Sketch comedy fills
up much of NBC's evening. That starts with a quick rerun of “SNL
Christmas” (just three days after its previous rerun), with lots of
past bits.

Then comes a new
episode, with Casey Affleck – getting Oscar buzz for “Manchester
By the Sea” -- hosting and Chance the Rapper as music guest. This
is Affleck's first time as host ... something Ben has done five
times; they'll now join the Mannings (Peyton and Eli) as brothers who
have hosted.

TODAY'S MIGHT-SEE:
Bowl games, all day.

New Year's Eve is
still two weeks away, but the bowl season starts today with six
games. Some are bowls – and teams – we've never heard of; four of
the teams have 6-6 records. Still, it's a chance to see fun and
action in warm-weather places.

ABC has games at
noon and 3:30 p.m. ET; ESPN has ones at 2, 5:30 and 9 p.m. ET.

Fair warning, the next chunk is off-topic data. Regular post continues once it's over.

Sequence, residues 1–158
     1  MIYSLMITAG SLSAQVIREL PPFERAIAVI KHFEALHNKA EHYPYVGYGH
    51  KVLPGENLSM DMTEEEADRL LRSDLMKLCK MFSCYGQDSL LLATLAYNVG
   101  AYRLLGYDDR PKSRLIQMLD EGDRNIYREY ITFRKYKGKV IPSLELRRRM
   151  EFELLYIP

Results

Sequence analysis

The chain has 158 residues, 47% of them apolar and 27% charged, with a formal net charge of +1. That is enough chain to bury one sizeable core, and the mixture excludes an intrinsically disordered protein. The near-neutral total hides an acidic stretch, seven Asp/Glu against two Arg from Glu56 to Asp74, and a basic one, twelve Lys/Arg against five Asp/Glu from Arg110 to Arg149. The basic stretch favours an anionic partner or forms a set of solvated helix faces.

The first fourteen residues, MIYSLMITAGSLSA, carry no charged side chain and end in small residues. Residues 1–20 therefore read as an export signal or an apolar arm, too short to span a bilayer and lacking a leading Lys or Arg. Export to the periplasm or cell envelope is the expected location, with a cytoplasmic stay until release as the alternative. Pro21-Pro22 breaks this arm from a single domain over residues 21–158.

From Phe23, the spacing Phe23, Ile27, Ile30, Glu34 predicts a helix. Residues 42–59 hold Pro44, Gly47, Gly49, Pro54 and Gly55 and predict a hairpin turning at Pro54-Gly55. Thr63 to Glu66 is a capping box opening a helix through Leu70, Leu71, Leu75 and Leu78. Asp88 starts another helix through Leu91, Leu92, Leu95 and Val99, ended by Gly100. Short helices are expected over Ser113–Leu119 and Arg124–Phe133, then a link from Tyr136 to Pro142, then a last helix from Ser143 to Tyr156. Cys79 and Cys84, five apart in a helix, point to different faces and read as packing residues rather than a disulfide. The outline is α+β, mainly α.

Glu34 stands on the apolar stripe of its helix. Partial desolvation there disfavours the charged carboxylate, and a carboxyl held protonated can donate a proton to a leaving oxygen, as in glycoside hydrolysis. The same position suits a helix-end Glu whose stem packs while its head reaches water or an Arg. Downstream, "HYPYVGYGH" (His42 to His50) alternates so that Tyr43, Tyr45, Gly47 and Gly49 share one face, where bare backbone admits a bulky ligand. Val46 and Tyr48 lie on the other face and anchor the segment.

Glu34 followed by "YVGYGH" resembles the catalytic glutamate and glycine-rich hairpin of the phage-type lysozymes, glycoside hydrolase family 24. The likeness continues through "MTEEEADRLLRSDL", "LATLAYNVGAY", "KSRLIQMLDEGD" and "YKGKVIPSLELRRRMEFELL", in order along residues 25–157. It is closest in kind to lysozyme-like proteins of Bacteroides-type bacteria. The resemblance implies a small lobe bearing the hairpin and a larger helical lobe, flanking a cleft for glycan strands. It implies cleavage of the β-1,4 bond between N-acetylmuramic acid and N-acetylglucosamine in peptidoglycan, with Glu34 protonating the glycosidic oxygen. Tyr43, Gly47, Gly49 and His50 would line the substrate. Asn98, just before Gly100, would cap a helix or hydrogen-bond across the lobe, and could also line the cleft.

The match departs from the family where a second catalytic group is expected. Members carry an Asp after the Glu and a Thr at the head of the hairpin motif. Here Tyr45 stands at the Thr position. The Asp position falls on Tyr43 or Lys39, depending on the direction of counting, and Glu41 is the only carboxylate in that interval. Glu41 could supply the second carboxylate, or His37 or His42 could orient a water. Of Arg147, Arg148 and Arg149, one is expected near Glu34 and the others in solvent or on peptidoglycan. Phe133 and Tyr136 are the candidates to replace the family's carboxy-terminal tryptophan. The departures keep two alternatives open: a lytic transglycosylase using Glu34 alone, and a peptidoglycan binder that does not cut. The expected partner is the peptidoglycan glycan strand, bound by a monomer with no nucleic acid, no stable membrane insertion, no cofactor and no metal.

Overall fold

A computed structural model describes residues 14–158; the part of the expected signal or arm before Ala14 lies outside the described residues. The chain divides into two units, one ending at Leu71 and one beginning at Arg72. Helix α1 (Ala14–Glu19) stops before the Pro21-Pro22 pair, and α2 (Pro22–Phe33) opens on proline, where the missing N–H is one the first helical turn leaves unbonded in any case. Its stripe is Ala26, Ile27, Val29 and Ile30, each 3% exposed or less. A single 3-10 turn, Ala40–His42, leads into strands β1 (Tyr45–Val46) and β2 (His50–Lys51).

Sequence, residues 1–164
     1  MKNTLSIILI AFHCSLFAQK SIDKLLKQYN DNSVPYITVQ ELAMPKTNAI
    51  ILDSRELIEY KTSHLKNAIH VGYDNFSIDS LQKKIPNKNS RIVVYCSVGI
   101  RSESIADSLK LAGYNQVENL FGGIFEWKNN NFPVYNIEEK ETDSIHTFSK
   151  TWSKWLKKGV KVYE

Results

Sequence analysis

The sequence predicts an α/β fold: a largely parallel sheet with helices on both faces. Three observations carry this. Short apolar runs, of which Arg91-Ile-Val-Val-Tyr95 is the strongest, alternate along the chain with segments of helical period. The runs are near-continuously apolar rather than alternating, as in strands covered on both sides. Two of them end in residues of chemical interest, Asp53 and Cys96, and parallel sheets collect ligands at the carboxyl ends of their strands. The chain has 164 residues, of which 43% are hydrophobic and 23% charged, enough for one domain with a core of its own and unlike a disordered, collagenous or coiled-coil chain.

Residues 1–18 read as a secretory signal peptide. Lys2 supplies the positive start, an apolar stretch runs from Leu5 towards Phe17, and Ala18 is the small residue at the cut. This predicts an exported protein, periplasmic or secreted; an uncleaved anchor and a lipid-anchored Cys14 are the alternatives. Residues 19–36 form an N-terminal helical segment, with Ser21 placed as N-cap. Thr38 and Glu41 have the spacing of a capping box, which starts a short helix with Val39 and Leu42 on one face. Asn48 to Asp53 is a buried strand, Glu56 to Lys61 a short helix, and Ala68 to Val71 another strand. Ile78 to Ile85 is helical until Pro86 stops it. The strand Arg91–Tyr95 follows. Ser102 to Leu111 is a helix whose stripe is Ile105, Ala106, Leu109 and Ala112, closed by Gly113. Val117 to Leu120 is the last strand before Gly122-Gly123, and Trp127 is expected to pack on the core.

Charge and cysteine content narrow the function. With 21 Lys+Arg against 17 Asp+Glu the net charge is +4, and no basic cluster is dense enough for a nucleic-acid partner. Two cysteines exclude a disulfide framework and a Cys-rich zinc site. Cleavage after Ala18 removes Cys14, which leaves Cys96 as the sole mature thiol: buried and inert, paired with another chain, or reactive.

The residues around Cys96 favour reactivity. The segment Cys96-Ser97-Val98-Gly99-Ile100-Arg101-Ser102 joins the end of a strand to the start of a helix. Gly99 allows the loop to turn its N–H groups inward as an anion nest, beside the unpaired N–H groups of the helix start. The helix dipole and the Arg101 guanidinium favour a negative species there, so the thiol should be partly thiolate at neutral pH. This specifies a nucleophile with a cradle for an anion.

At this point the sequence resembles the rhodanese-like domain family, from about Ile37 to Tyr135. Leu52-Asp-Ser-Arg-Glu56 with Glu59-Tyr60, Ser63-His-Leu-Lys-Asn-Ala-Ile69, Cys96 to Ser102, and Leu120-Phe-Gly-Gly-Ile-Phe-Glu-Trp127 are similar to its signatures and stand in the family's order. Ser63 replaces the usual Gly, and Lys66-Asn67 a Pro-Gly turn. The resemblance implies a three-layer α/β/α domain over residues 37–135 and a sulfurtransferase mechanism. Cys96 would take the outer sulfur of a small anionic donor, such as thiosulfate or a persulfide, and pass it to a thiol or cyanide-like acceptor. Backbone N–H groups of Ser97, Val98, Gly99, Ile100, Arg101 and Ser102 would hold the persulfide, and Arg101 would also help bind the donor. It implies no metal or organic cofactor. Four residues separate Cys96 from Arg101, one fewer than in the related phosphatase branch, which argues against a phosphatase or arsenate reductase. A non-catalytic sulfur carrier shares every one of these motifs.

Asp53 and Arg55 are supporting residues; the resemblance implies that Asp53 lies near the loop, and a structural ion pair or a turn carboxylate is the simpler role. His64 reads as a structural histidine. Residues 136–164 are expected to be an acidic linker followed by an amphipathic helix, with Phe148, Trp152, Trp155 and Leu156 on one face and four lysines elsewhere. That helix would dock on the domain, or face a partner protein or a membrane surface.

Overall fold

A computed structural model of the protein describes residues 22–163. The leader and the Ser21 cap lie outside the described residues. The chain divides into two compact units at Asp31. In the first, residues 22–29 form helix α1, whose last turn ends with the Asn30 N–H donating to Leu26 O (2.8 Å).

Rounding out the line-up is the CBS Sports Network, with Central
Florida and Arkansas State at 7 p.m. ET in Orlando.

TONIGHT'S
ALTERNATIVE: “A Christmas Carol” (1984), 8 p.m., AMC.

Like Hamlet and
such, Ebenezer Scrooge is one of those roles that keep attracting
great actors. Few have done it as well as George C. Scott does here;
it's a lush production that surrounds him with talented English
actors, particularly Edward Woodward as the vibrant Ghost of
Christmas Present.

That's sandwiched
between two other Christmas films. “Santa Claus: The Movie” -- a
so-so story, but great visuals – is at 5:30, with “White
Christmas” (1954) at 10:30. The latter has Bing Crosby singing
Irving Berlin tunes, including the title song ... which he debuted in
the 1942 “HolidayInn.”

TODAY'S ALTERNATIVE
II: “Frozen” (2013) and “Charlie and the Chocolate Factory”
(2005), 9 and 11:30 p.m., Freeform.

Here are great films
for families to watch ... or, more reasonably, record.

“Frozen,” which
ABC aired last Sunday, is a gem, winning Oscars for best animated